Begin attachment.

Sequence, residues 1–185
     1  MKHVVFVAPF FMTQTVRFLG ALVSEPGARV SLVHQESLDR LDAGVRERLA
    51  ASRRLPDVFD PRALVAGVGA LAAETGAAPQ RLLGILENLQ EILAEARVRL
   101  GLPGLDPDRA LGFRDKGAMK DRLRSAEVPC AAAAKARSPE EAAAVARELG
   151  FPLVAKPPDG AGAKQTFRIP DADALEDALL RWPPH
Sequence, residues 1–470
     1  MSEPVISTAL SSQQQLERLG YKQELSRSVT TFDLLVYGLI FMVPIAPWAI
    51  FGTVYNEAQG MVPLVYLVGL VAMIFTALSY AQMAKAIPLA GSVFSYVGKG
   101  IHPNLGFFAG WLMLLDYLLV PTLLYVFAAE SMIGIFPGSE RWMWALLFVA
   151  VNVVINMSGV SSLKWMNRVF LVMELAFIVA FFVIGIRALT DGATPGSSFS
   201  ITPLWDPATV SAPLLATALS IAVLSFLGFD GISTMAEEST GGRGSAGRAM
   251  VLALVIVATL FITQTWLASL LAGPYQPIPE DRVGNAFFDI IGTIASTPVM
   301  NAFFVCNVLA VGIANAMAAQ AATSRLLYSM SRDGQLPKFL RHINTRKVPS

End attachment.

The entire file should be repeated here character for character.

Sequence, residues 1–185
     1  MKHVVFVAPF FMTQTVRFLG ALVSEPGARV SLVHQESLDR LDAGVRERLA
    51  ASRRLPDVFD PRALVAGVGA LAAETGAAPQ RLLGILENLQ EILAEARVRL
   101  GLPGLDPDRA LGFRDKGAMK DRLRSAEVPC AAAAKARSPE EAAAVARELG
   151  FPLVAKPPDG AGAKQTFRIP DADALEDALL RWPPH
Sequence, residues 1–470
     1  MSEPVISTAL SSQQQLERLG YKQELSRSVT TFDLLVYGLI FMVPIAPWAI
    51  FGTVYNEAQG MVPLVYLVGL VAMIFTALSY AQMAKAIPLA GSVFSYVGKG
   101  IHPNLGFFAG WLMLLDYLLV PTLLYVFAAE SMIGIFPGSE RWMWALLFVA
   151  VNVVINMSGV SSLKWMNRVF LVMELAFIVA FFVIGIRALT DGATPGSSFS
   201  ITPLWDPATV SAPLLATALS IAVLSFLGFD GISTMAEEST GGRGSAGRAM
   251  VLALVIVATL FITQTWLASL LAGPYQPIPE DRVGNAFFDI IGTIASTPVM
   301  NAFFVCNVLA VGIANAMAAQ AATSRLLYSM SRDGQLPKFL RHINTRKVPS